The safety of driverless cars versus cars driven by
people in the UK. In short, only an idiot or a psychopath would consider driverless cars a good idea and here are the facts that show why.
Total number of road users involved in an accident in the UK of all severities in 2013 is 183,670
Total number of miles travelled on UK roads in 2013 is 303 billion.
Number of miles travelled per accident is 1,649,697
Average miles travelled per 4 wheel vehicle in 2013 was 7,900 miles
1. The average road user will be involved in an accident that causes an injury every 1.7 million miles travelled
2. The average road user will be involved in an accident that causes an injury every 215 years – or a 1 in 78475 chance on any given day
3. The average road user will be involved in an accident that causes an injury every 198,445 journeys – or a 1 in 198445 chance
4. On each journey the average road user has a 0.000005% chance of being involved in a road accident that causes an injury.
5. On any given day the average road user has a 0.00001% chance of being involved in an accident that causes an injury.
How Does This Compare To Computer Reliability?
We will assume that a computer crashing is the equivalent of a road traffic accident. ie if the computer in a driverless cars fails then an accident occurs.
10% of Windows PCs crash each day vs 0.000001% chance of a road accident per road user per day
Key Point – Road users are literally 10 million times more reliable than a Windows PC
Hardware crashes on a PC running windows has a 1 in 330 chance of occuring every 8 months. Converting that to days.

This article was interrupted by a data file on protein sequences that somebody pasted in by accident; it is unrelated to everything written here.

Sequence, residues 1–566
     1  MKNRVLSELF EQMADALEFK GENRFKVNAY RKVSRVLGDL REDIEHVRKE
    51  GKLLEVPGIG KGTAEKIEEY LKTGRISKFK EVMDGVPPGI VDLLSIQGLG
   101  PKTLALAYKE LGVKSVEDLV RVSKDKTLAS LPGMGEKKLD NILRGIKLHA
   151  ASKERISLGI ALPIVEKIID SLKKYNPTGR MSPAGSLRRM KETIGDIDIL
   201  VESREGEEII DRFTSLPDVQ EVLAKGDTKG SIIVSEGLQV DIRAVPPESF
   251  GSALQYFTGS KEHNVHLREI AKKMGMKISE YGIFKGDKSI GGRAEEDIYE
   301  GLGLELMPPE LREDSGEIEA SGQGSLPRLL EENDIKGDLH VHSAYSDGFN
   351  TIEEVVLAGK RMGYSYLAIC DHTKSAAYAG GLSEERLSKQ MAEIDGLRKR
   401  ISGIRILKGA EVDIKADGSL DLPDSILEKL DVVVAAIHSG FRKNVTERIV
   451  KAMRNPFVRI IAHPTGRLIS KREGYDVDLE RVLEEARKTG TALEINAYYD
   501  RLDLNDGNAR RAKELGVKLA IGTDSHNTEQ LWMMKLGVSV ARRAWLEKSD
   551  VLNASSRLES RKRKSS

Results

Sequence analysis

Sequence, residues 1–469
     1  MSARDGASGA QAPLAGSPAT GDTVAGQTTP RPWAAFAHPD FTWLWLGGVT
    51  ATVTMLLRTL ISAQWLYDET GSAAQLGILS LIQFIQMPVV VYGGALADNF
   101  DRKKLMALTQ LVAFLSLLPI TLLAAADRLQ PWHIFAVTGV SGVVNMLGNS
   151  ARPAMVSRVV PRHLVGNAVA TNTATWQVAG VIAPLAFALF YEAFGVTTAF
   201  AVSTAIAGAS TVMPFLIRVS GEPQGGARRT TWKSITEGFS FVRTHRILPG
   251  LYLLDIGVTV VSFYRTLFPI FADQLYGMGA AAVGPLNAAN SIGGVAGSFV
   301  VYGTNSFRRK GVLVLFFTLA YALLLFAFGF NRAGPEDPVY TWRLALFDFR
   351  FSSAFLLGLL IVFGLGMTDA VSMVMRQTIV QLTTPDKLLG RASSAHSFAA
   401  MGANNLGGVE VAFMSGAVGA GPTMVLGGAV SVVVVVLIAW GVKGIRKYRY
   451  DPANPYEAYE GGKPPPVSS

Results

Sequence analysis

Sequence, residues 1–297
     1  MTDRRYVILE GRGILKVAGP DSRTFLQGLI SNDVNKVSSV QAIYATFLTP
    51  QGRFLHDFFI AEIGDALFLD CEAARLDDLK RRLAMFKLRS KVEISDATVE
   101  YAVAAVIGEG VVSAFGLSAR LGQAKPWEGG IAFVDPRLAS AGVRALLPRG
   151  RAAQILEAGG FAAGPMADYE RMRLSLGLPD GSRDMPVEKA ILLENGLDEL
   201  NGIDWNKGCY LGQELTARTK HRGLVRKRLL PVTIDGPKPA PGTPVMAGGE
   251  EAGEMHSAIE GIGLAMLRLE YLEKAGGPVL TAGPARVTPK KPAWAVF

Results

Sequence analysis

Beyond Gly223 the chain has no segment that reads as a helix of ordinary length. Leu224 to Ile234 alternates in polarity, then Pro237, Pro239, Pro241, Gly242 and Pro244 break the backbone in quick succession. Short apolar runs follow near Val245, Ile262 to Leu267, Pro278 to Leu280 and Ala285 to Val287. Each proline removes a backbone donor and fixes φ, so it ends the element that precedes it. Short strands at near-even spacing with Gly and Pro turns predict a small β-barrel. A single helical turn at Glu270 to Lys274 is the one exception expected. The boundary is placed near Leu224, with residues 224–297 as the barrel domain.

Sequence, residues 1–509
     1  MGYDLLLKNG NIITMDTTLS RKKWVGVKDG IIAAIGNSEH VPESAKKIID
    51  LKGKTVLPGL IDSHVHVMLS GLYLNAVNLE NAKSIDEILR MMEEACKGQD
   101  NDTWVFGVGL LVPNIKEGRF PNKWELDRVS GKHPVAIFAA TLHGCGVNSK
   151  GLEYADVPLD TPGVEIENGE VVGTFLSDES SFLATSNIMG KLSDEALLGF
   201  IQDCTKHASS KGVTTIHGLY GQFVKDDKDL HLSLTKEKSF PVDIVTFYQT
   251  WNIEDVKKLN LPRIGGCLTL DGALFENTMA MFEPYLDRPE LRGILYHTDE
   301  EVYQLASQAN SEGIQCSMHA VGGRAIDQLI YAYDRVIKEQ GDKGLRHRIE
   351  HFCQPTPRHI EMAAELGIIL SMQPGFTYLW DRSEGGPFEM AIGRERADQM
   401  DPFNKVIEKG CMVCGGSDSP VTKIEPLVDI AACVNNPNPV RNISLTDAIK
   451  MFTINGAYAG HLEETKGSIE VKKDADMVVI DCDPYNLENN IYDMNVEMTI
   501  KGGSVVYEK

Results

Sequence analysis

The chance of a hardware crash on a Windows PC per day is 0.72%
0.72% chance of a hardware crash every days vs 0.000001% chance of a road user failure
Key Point – Road users are 720,000 times more reliable than PC hardware running Windows.
There is absolutely no evidence would suggest that driverless cars will be anywhere near as safe as a human.
For someone to suggest handing control of a vehicle over to a computer is irresponsible at best and psychopathic at worst.
I know of no piece of consumer electronics that will can be used 198,445 times without needing some sort of restart. A restart that is needed because the device has stopped functioning completely and with no notice.
I know of no piece of consumer electronics that can be used normally for 215 years without needing some sort of restart. A restart that is needed because the device has stopped functioning completely and with no notice.
And I am talking about kettles, irons and smoke alarms ie nothing that does more than a couple of things at the same time.
The statistics for computerised devices is much worse. (see the sources above & below)
I wonder for example, if I can use the navigation in my car 198,445 times without it encountering some sort of fatal crash which needs me to restart it.
And when are computers most likely to crash?
When you are asking them to do something tricky
Or when you are asking them to do many things at the same time.
ie the circumstance when you least want your driverless car to be wigging out and handing control over to you with absolutely zero notice and/or doing something completely unpredictable ie coming to an abrupt stop for no apparent reason and without warning
The idea of driverless cars is reckless, foolish and incredibly dangerous.
Until computers reach at least 10% of the reliability of a person there is not way driverless cars should be considered an option.
And at the time of writing 2015.6.5, from the statistics given above, computers are at least 720 THOUSAND times LESS reliable than humans.
Maybe the reliability will come in the future but at the moment, we are not even close.
1. All road casualties on UK roads in 2013 – uk_road_casualties_uk_2013.xls
2. 2014 Road Traffic estimates UK – annual-road-traffic-estimates-2013.pdf
3. Average mileage travelled per 4 wheel vehicle in 2013 – http://www.bbc.com/news/uk-england-28546589
4. The average number of all journeys per person in the UK in 2013 journeys_uk_2013.pdf
5. Windows reliability – http://www.pcmag.com/article2/0,2817,1210067,00.asp
This page was last modified